Some Tools and Tips

Some of you have asked to see "the monster", the lathe kept out in the garage for several years just to balance large pieces to the point where I could put them on my Record lathe (Also since departed). The front cover is off so you can see the size of the motor. It runs on 110 volts, and weighs about 200 pounds by itself. I think it dates from the 1940's somewhere.

The lathe was made 35 years earlier by an aircraft machinist and never turned a single piece of wood until I bought it. He also made the band saw he used to cut the solid 1 1/4" steel plate that makes up the headstock and the base of the tailstock. The ways are 3/8" channel steel. The story of how I acquired this machine is on the "1997" page of woodturnings.

I sold this lathe to a fellow who drove all the way up from Minnesota to see it. A long time ago I posted an ad on the newsgroup to sell it, and he found the ad a year later. Enjoy, Tom!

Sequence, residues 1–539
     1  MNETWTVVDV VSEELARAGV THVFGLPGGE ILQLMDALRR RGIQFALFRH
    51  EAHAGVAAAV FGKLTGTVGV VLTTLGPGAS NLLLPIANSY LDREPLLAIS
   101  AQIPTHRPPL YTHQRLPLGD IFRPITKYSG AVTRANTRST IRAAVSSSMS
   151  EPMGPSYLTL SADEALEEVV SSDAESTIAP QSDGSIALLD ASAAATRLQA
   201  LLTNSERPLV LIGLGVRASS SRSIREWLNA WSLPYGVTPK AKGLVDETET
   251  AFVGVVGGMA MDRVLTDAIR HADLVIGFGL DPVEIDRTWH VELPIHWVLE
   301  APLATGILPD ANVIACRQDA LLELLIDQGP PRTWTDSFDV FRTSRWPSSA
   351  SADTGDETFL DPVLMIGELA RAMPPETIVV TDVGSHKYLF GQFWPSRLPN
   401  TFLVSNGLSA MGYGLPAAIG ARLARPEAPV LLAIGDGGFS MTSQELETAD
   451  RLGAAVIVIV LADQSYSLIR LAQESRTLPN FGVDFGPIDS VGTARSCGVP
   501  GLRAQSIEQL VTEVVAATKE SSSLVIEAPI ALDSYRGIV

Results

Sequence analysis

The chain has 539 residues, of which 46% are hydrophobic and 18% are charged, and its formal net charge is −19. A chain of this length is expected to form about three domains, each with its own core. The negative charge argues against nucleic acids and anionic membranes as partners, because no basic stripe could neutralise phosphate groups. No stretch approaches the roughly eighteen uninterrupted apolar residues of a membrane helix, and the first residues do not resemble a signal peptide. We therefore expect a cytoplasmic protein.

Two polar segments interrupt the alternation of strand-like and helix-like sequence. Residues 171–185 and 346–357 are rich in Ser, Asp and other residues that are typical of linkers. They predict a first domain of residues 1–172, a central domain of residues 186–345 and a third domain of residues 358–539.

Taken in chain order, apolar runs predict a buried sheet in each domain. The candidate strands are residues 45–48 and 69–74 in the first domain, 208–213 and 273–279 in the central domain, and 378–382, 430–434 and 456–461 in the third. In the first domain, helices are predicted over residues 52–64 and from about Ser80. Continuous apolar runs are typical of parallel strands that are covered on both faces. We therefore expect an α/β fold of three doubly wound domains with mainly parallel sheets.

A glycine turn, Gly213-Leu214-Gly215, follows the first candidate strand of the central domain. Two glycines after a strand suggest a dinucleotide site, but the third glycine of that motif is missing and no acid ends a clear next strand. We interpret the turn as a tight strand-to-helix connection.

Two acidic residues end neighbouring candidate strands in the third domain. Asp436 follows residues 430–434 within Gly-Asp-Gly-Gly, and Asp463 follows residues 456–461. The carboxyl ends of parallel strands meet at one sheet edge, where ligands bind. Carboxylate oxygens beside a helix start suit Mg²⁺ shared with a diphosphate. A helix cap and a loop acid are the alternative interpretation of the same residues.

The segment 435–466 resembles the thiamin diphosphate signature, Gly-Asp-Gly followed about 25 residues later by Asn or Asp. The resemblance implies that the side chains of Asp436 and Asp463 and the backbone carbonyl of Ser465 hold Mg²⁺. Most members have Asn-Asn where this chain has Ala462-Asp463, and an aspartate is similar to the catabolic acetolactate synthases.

Monster Lathe

This was how I had my Record CL348 x 30C lathe set up in the shop. The lathe was big enough for most work that anyone would want to do, but I finally got a lathe with the capacity to turn the very large pieces I always wanted to turn. In December of 2000 I bought a General 26020VD lathe, likely the last lathe I'll ever need. The only thing I miss in my basement shop is some exterior light. I'd love to work in a bright room with natural light. Ah well, maybe some day.

This lathe was mounted on a large box filled with 600 pounds of sand.

Record Lathe

This is a shot of the steady rest I made for the lathe to provide support for long pieces, as well as support for some of the hollow forms when I first begin to hollow them out. This will now be changed to fit the new General lathe. I also made another, larger one of steel you can find just below.

It's made of oak and uses in-line skate wheels and bearings and 5/8" threaded rod. It's quiet and effective, and if you browse garage sales for used skates it won't cost you much either.

Steady Rest